That encounter got her to thinking about partnering down the road with other small businesses whose products complement her own. Kimora estimates she spent about 1-2 hours a day researching better baking techniques on YouTube and Pinterest, and about a dozen hours (give or take) each week on her business. That left her with ample time for friends, theater camp, dance class, and easy summer days.
Now that she’s back in school, Kimora says that she’s always looking for connections between what she learns in the classroom and how she can apply that to her business.
“The two things that have helped me the most are math and science. Baking is a science: If you mess one thing up, you’ll mess up the whole thing. So I know that when we’re doing experiments in science, I make sure that I follow the formulas exactly,” she says. “Math helped a lot last year, especially as I’m trying to figure out what the price is for me to bake one cupcake. And art really helped me with creativity and determining which colors go together. Not all colors are appetizing.”
Eventually, Kimora wants to progress to baking cakes, macaroons, and other treats. In the meantime, she’s content to keep at Crazy 4 Cupcakes. “I’m just crazy in love with cupcakes,” she says. “I have a real passion for it.”
Following the Music
Sophomore Alexa Clawson started her summer on a high note and held on to it for the next 10 weeks.
In early June, the 15-year-old sophomore learned that she’d successfully become a member of the percussion section of the prestigious Cleveland Orchestra Youth Orchestra. Later in the month, she traveled with the Cleveland Youth Wind Symphony to Italy, where for nearly two weeks she explored the country with her fellow symphony members, performed in several local concerts, and played in the Florence Youth Festival.
She spent the balance of her summer prepping for her school year music commitments (she’s a member of the Shaker Heights High School Marching Band and the Wind Ensemble) and practicing for her Cleveland Orchestra Youth Orchestra chair placement audition in August.
“Experiencing these things when I’m younger prepares me for what might come my way in the future.”
“The trip to Italy was one of my top travel experiences,” Alexa says. “Being in the Cleveland Youth Wind Symphony gave me the opportunity to be in another country and to do something that I love to do.”
In a summer filled with rewards for her hard work and hours of practice, Alexa says there’s one moment that stands above the rest: the Youth Wind Symphony’s final performance in Rome’s Sant’Ignazio Church. The acoustics at Sant’Ignazio were the finest Alexa and her fellow symphony members had experienced. “You could hear every note from every instrument in every section,” she remembers. “At the end you could hear this ringing of the notes. The sound was so beautiful that many of us were crying.”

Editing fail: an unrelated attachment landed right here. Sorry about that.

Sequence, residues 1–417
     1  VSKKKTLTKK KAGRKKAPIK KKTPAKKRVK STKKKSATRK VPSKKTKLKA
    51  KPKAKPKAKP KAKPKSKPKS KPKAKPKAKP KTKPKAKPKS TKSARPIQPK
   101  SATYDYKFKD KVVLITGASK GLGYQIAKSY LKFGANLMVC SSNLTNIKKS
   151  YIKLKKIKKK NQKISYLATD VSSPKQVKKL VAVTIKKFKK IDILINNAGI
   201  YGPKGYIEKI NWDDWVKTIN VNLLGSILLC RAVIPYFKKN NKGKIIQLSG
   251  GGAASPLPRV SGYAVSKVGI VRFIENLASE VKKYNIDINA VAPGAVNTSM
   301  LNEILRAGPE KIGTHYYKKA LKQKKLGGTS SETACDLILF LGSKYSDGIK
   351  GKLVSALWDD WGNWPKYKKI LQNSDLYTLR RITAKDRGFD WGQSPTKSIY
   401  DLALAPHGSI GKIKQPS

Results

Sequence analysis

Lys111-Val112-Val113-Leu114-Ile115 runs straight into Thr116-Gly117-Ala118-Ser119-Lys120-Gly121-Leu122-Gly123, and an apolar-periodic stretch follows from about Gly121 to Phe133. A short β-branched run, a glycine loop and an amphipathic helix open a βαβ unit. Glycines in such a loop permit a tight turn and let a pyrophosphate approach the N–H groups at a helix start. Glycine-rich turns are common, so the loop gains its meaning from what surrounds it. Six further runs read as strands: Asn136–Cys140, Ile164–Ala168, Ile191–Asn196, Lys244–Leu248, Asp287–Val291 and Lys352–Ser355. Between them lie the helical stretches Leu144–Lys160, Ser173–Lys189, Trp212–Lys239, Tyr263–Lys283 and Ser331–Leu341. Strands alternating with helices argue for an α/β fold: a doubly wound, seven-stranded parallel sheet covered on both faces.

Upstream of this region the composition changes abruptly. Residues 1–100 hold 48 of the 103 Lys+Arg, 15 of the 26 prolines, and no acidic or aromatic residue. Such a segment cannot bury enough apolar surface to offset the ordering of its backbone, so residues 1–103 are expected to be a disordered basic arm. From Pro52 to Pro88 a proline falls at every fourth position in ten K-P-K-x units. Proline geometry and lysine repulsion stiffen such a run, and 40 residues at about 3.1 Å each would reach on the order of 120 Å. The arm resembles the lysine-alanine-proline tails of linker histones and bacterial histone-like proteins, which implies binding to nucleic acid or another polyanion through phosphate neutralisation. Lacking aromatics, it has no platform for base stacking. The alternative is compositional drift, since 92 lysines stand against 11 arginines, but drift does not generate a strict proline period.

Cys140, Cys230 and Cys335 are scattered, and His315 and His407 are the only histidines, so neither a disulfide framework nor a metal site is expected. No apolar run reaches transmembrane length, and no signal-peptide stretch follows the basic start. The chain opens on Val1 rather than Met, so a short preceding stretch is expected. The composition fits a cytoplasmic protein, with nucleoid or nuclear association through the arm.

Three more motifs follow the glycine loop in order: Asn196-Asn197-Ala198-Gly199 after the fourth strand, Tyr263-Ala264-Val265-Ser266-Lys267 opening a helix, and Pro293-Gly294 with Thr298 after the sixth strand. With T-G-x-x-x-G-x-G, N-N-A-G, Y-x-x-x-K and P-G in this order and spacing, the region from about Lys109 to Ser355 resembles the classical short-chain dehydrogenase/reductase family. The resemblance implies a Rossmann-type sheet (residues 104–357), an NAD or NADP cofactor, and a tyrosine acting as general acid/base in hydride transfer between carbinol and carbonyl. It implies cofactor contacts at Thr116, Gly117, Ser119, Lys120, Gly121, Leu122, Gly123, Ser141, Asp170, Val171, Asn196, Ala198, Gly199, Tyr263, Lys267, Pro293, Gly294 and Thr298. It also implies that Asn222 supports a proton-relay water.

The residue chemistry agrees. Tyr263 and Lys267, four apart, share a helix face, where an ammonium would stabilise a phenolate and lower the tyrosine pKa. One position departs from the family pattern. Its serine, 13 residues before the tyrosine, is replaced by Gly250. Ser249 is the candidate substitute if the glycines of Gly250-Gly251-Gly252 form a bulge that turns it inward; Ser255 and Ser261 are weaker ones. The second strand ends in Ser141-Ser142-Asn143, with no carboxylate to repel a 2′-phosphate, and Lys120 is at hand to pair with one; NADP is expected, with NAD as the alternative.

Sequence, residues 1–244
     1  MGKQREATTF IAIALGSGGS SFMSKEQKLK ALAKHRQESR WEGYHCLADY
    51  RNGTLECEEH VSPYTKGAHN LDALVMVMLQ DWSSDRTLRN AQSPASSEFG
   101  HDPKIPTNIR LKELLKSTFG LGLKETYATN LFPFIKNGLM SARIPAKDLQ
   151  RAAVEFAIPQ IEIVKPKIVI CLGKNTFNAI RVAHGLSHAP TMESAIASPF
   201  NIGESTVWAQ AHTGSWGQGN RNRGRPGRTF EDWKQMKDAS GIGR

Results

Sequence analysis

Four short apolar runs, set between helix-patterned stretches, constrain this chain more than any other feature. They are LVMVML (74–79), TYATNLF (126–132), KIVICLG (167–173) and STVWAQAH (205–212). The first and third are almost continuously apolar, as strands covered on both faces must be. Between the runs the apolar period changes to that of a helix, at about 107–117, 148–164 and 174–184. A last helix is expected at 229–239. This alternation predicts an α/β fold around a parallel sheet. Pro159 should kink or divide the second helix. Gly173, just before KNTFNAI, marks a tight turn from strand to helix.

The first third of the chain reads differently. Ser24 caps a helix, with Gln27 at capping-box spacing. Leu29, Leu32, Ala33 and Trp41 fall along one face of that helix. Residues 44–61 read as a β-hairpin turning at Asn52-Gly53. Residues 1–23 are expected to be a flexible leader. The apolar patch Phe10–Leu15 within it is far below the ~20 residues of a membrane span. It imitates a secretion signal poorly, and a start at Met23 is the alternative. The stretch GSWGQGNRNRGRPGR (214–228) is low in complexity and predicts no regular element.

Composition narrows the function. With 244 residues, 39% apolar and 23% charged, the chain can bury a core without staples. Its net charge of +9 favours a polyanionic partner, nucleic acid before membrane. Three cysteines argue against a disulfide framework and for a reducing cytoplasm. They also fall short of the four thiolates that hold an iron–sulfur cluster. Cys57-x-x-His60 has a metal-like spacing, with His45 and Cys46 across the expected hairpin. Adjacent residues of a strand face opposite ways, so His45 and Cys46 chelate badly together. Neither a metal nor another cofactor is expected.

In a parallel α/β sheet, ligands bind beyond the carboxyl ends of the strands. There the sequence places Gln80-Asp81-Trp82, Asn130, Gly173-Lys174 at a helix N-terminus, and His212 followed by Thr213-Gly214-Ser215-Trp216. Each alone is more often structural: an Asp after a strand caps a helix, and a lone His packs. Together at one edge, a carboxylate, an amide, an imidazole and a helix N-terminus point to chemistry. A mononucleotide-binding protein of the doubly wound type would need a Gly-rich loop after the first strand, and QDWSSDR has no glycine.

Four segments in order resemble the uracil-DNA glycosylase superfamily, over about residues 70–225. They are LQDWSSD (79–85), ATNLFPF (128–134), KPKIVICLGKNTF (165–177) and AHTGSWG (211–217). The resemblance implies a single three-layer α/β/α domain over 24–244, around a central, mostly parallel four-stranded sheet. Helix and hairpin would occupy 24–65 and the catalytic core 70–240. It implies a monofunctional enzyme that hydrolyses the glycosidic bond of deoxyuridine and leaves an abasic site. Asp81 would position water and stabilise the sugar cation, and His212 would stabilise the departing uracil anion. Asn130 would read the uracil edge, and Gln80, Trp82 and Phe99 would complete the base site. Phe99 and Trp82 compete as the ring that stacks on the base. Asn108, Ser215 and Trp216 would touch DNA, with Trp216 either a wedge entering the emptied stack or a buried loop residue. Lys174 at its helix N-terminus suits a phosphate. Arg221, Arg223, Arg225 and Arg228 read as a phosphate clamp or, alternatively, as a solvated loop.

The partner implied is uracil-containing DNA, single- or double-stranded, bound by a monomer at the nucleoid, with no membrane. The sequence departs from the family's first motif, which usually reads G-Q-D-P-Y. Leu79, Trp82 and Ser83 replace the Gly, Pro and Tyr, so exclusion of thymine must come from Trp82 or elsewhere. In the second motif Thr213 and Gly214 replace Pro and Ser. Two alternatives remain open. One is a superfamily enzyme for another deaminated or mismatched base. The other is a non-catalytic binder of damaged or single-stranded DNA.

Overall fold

Alexa is grateful for the opportunities she’s earned and engaged in over the summer. “I know that experiencing these things when I’m younger prepares me for what might come my way in the future,” she says.
Learning to Lead
Since High School junior Molly Harper was nine years old, she’s spent six weeks each summer away from her family at Culver Summer School and Camp in north central Indiana.
At first, Molly wasn’t so sure about Culver. “I was homesick, but I kept going back and I made friends and kept myself busy,” she says. Eight summers later, Molly is hardly the shy, tentative girl who first went to Culver in 2011.
During the school year, Culver is a college prep boarding school that includes a military academy for boys as well as a girls academy. The summer program is dedicated to building leadership qualities in its campers, educating them about chains of command, similar to the U.S. military. Now in her final summer at Culver, Molly says that her experiences there have boosted her confidence and self-respect and opened her eyes to what’s possible in her adult life.
“Culver is such an incredible place. I’ve built strong relationships and made friends from all over the country and the world,” she says. “It’s really built my character. I’ve learned what I want in myself and from other people and what values I find important.”
Molly says that Culver also has widened her perspective. “Going here makes me want to change the world. I realize that there are countries that have issues far worse than we have in America,” she says. “I’m constantly
reminding myself that there are kids in those places who are just like me. I know that I want to do something with my life that impacts people because Culver has helped me become more globally aware.”
She also credits Culver with many of her academic choices. For example, Molly has taken Spanish because she’s made friends at Culver from Mexico and Colombia. This year, many of her international friends will also share an academic experience with her, as candidates in the International Baccalaureate Diploma Programme.
“We plan to compare notes over the year,” she says.
Molly is reflective about her Culver experience and says that her final summer there was bittersweet. Still, she has this advice to her peers, whether they’re spending their summers at a camp like Culver or closer to home
in Shaker Heights. “Try as many new things as possible and embrace every new experience,” she says. “Because
summer is over before you know it.”